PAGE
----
VERSACE, HUMBERT R.
Organization: U.S. Army
Date of Issue: 07/08/2002
Captain Humbert R. Versace
distinguished himself by extraordinary heroism during the period of 29
October 1963 to 26 September 1965, while serving as S-2 Advisor,
Military Assistance Advisory Group, Detachment 52, Ca Mau, Republic of
Vietnam. While accompanying a Civilian Irregular Defense Group patrol
engaged in combat operations in Thoi Binh District, An Xuyen Province,
Captain Versace and the patrol came under sudden and intense mortar,
automatic weapons, and small arms fire from elements of a heavily armed
enemy battalion. As the battle raged, Captain Versace, although
severely wounded in the knee and back by hostile fire, fought valiantly
and continued to engage enemy targets. Weakened by his wounds and
fatigued by the fierce firefight, Captain Versace stubbornly resisted
capture by the over-powering Viet Cong force with the last full measure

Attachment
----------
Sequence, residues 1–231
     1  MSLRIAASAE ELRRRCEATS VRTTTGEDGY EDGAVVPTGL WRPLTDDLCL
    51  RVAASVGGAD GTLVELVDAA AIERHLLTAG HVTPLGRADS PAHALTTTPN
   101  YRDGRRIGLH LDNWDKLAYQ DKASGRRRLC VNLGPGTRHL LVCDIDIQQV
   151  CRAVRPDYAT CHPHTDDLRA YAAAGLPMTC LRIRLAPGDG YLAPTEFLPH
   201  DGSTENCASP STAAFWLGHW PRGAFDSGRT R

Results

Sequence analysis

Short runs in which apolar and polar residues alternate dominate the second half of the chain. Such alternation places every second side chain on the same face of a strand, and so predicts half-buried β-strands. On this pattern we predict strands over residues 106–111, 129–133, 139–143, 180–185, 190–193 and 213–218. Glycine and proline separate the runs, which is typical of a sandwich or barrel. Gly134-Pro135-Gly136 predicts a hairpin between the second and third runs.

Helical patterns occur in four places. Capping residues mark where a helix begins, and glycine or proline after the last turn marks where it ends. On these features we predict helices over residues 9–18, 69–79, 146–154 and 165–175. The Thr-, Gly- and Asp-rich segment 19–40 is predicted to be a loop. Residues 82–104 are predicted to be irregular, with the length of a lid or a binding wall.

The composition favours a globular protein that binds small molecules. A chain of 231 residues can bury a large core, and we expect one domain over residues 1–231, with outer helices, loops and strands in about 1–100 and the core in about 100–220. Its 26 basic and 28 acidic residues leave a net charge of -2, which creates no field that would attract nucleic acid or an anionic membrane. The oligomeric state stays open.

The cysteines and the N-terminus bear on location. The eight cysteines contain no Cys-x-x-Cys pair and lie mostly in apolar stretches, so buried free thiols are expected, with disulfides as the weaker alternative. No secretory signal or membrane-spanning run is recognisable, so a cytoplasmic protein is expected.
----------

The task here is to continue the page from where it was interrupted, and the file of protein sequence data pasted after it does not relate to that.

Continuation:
of his strength and ammunition. Taken prisoner by the Viet Cong, he
exemplified the tenets of the Code of Conduct from the time he entered
into Prisoner of War status. Captain Versace assumed command of his
fellow American soldiers, scorned the enemy's exhaustive interrogation
and indoctrination efforts, and made three unsuccessful attempts to
escape, despite his weakened condition which was brought about by his
wounds and the extreme privation and hardships he was forced to endure.
During his captivity, Captain Versace was segregated in an isolated
prisoner of war cage, manacled in irons for prolonged periods of time,
and placed on extremely reduced ration. The enemy was unable to break
his indomitable will, his faith in God, and his trust in the United
States of America. Captain Versace, an American fighting man who
epitomized the principles of his country and the Code of Conduct, was
executed by the Viet Cong on 26 September 1965. Captain Versace's
gallant actions in close contact with an enemy force and unyielding
courage and bravery while a prisoner of war are in the highest
traditions of the military service and reflect the utmost credit upon
himself and the United States Army.
Archives: Geoff Metcalf/NewsMax January 14, 2010
Plunging Approval Shouldn't Surprise Democratic Bullies
By Geoff Metcalf
Reasonable people can disagree (or should be able to) reasonably when
they honestly consider facts that may contradict their preconceived